The following editorial was co-authored by the Oscar-nominated team behind “Virguna,” the director Orlando von Einsiedel and producer Joanna Natasegara, whose short documentary “The White Helmets” launches on Netflix globally today.
As the U.S, and Russia agree upon another tentative ceasefire in Syria, civilians on the ground are not holding their breath that the fighting will end. Syrian civilians have been let down far too many times. Instead, the Syrian people are continuing to do as they have done for the past few years, taking humanitarian matters into their own hands to minimize loss of life.
The White Helmets, a group of nearly 3,000 civilian volunteer rescue workers, exemplify this spirit. These are the men and women who run into smoldering rubble, the aftermath of airstrikes, dig out the dead and injured. They come from all walks of life and have each pledged to save anyone in need, no matter their creed, religion or political beliefs.
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We spent over five weeks on the Syrian border with 30 White Helmets training to save more people, capturing their day to day lives, experiencing war through their eyes. It was an experience that changed us; nothing could prepare us for the scale of the destruction and the daily trauma they were subjected to. We would question ourselves: How could they maintain any hope? Would we be as strong as them if put in their shoes?
Omran Daqneesh, the shell-shocked and dust-covered child whose photograph made global headlines just two weeks ago, was saved by the White Helmets. He is just one of the more than 60,000 people they have on record as rescuing. Too many of them are women and children.
For the past three years, the White Helmets have quietly carried out their vital work. Whenever a news report has detailed yet another atrocity on a hospital or school that has been targeted by the Assad regime, or its ally Russia, the people in the background carrying victims from the rubble have invariably been White Helmets. Rarely have they been the subjects of the reports themselves. However, it seems that the world is finally beginning to recognize their extraordinary efforts with a nomination for this year’s Nobel Peace Prize and the endorsement of a range of high profile champions from Thandie Newton and George Clooney to Michelle Yeoh and Justin Timberlake.
We were stunned when we first saw footage of them in action: a grainy YouTube video as they rescued a newborn baby from under three stories of a collapsed building. Much of our work over the past few years has focused on telling the inspiring stories of people who have been willing to risk their own lives for something bigger than themselves. We have wanted to share these tales of bravery not only because they reaffirm our faith in the good of humanity in a world shaded by so much darkness, but also because they inspire us to work harder for what we believe in.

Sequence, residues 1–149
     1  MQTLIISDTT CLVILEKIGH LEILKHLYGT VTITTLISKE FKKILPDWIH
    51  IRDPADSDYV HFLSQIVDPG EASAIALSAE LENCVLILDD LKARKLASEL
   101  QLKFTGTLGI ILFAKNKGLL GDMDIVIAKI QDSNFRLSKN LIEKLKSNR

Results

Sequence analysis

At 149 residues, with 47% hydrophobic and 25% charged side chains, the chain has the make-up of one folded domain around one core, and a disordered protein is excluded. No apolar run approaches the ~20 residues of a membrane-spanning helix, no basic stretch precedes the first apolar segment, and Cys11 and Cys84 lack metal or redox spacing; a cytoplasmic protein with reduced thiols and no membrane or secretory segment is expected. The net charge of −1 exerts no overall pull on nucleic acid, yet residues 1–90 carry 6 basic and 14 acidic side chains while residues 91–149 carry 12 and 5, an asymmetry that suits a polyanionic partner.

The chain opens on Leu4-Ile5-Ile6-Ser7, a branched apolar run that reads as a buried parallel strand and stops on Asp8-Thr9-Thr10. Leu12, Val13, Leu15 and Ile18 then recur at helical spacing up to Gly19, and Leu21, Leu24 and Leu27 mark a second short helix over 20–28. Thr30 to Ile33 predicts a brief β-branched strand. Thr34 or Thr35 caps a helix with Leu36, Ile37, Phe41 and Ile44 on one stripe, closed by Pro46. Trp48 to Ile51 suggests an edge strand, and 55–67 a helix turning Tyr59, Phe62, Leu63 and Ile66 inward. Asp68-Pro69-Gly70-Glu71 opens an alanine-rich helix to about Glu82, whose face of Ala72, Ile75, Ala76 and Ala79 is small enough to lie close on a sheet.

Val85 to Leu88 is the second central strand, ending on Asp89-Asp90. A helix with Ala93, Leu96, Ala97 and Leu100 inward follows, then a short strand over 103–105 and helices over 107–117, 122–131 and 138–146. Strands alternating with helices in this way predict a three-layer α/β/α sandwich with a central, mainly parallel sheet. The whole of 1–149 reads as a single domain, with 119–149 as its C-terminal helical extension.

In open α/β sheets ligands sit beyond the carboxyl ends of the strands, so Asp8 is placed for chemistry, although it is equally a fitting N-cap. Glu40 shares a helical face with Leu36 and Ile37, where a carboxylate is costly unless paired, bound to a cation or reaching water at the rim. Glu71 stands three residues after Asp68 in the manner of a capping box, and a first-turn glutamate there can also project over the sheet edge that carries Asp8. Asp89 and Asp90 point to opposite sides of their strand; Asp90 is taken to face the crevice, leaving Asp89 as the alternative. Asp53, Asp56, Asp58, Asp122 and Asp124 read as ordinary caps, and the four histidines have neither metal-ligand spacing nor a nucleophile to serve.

The White Helmets we filmed were a group of humble and highly committed individuals, undoubtedly damaged by years of witnessing the most horrific sights imaginable on a daily basis, somehow maintaining an unshakeable determination to continue their work. In the West, far too often we are subjected to negative stereotypes of the Muslim males. In stark contrast, these men were among the gentlest and kindest we had ever met. They maintain an almost unbelievable sense of humor in spite of everything — tying our dozing cinematographer’s leg to water coolers or breaking into karaoke on our minibuses’ PA system. Their compassion seemed to be their overwhelming trait.
But the hardships these people endure every day are hard to imagine. Much of the powerful footage in the film comes from the cameras of the White Helmets themselves. Some footage looks like it was shot on the set of a Paul Greengrass movie: jets tearing through the sky dropping indiscriminate bombs, while people cower in the streets and White Helmets run towards the explosions. The difference is that the footage is viscerally real, so much so that we could only show a tiny percentage of the horror these people witness, without making the whole film completely unwatchable.
It is this ever-present danger that makes being a White Helmet what The Washington Post has called “the most dangerous job in the world.” More than 140 White Helmets have been killed in the line of duty, leaving behind wives and families. Tragically, even during the production of our film, the White Helmet members we were following lost colleagues, friends and family with unbearable frequency.
Saying goodbye to the White Helmets at the end of filming was one of the more emotional moments of our careers, but their unified dedication to getting back to work was both moving and edifying. They believe each life matters and they’ll continue to work as long as there is need.
As the world holds out hope for peace in Syria, the White Helmets will continue to do their work of saving their friends, families and neighbors wholly embodying their motto: “To save a life is to save all of humanity.” Certainly for those of us fortunate to live in comfort and safety, we feel that their optimism and selflessness might just be the thing that saves us all from despair.